We too, as the Christian Disciples of today are called to persevere.  We are called to know our faith; to take an  proactive role in learning and growing in what it means to be a Catholic Christian and to live by these principles.  We are called to understand why living by these principles are important, why they matter and this often grows stronger in things we struggle with and how we suffer, in what we endure and how we handle difficulties.  We even and often can learn a great deal from our personal failures and sometimes our colossal failures at being good Disciples.  From our sins, from our weaknesses, from where we fall short – if we begin to see why these things happen, we do what Christians do: pick ourselves up and continue to soldier on.  We fight.  We fight the good fight, as St. Paul says.  And let us consider St. Paul’s words, perhaps words remembered as prayer from 1 Timothy chapter 6: “But as for you, man of God, shun all this; pursue righteousness, godliness, faith, love, endurance, gentleness. Fight the good fight of the faith; take hold of the eternal life, to which you were called and for which you made the good confession in the presence of many witnesses. In the presence of God, who gives life to all things, and of Christ Jesus, who in his testimony before Pontius Pilate made the good confession, I charge you to keep the commandment without spot or blame until the manifestation of our Lord Jesus Christ, which he will bring about at the right time—he who is the blessed and only Sovereign, the King of kings and Lord of lords. It is he alone who has immortality and dwells in unapproachable light, whom no one has ever seen or can see; to him be honour and eternal dominion. Amen.”

Lord, Show Us the Way…

I offer a reflection on a beautiful experience I had today, a blessing of my ministry as Director of Vocations for the Archdiocese of Toronto.  We held our first “Road to Emmaus Hiking Retreat” today.  It was a beautiful day where 23 men hiked the Bruce Trail, through the Cataract in Caledon; college and university men, men living out their vocation already, seminarians and men discerning.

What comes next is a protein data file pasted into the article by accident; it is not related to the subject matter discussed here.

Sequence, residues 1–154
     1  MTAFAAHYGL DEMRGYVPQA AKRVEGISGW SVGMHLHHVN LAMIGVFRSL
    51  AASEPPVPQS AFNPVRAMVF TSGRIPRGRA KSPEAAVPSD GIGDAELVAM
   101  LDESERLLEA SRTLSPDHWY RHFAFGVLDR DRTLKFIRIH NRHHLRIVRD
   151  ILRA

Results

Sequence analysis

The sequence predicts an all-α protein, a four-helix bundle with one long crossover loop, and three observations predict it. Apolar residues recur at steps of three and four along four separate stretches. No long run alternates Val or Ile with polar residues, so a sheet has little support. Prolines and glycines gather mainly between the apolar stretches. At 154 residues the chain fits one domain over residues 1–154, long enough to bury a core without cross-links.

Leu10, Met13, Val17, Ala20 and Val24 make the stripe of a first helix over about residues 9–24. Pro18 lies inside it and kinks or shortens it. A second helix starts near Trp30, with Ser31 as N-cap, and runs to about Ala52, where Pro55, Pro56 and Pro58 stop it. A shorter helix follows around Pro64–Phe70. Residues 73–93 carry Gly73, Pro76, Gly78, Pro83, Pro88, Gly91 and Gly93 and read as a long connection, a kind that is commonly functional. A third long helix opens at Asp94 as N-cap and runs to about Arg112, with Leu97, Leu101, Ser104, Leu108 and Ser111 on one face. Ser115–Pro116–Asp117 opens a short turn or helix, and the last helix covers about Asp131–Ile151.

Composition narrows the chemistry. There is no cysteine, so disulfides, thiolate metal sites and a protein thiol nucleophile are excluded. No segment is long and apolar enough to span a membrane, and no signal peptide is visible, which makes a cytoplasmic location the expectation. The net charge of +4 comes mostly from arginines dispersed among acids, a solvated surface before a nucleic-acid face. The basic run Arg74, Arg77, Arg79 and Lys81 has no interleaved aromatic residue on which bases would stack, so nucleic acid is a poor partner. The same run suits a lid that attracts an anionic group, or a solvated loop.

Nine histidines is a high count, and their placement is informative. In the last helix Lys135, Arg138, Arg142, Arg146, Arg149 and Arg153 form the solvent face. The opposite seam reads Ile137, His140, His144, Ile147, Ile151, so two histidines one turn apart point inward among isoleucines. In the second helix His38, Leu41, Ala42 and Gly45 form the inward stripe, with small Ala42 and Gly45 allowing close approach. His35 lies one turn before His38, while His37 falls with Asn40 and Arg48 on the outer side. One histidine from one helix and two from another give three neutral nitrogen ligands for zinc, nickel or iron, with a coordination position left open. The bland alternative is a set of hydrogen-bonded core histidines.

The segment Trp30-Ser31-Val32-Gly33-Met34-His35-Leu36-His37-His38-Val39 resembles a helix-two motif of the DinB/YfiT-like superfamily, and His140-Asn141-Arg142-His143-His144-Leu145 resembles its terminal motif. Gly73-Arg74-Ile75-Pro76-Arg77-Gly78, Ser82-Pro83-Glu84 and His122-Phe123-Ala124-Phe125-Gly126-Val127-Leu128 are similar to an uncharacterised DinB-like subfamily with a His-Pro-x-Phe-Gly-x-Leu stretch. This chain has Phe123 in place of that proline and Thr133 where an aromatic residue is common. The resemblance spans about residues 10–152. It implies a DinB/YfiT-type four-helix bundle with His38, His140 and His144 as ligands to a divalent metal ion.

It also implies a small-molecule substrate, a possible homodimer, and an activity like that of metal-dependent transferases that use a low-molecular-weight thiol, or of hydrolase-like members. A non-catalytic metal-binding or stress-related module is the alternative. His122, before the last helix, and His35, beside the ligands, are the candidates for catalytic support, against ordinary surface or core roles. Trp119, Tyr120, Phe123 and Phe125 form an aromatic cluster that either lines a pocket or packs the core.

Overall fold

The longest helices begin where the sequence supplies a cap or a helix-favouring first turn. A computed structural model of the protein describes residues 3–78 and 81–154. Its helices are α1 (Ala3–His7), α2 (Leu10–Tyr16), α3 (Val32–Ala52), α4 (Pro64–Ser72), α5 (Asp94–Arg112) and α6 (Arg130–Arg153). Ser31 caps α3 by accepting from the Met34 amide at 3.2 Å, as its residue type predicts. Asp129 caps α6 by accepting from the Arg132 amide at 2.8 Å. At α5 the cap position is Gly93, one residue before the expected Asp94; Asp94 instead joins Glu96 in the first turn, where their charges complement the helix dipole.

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The Lord was with us as we began our Hiking Retreat early this Saturday morning.  Not only was the Lord with us as we prayed and asked for the Holy Spirit to be present throughout the day, but had blessed us with a gorgeous day for walking the Bruce Trail, by the Credit River, to the Cataract Falls amid the beauty of the autumn colours with the sun gleaming through the trees.  Just over twenty of us; men in college and university, men discerning God’s plan for them in their lives, seminarians, Fr. Ryan Alemão, Joe Di Fonzo and myself prepared ourselves ahead of time for this walk.

Joe Di Fonzo is the Program Coordinator at the Office of Vocations.  He has been instrumental for the past nearly ten years in the office in planning of retreats for young men.  He facilitated our high school retreats that helped young men in high school see God’s love for them and call them to service in Christ.  He is eminently qualified for this task, as a retired Catholic High School teacher of more than thirty years.

This is a new project.  A couple of years ago, Joe and I began discussing the decline we were seeing in those who were coming to the high school retreat and while we have run and will continue to host Discernment Retreats, we have been looking for new ideas to reach young men – an important part of the work we do at the Office of Vocations.  Happily, the decline in part is due to many good retreats and engagements for young people elsewhere; youth and young adult ministries and great ways Catholic Christians are being nourished.  The Office of Vocations never wants to compete with this – it’s not our mission.  The mission of our office isn’t simply to draw in more priests for the Church (that is my own priority) but to provide opportunities and encounters to help people desire holiness.  When we are on the road to living the universal call to holiness, it’s then that we will hear the Lord call us to our particular and unique vocation, whatever that may be.

Joe and I have both come to see the value in doing “guy things” with guys and Joe has run with this from there.

It was a great day of walking through the woods, encountering God in His created world, hearing inspiring reflections from Jeremy Zou, Sean Jacob and Cole Powers, three of our seminarians and having Marko Busic and Matthew Tulio share their own stories and experiences as seminarians, but more importantly as Christian men as they helped lead the retreat and journey the men who joined us.  Fr. Ryan and I concluded the day of reflection and retreat with Holy Mass.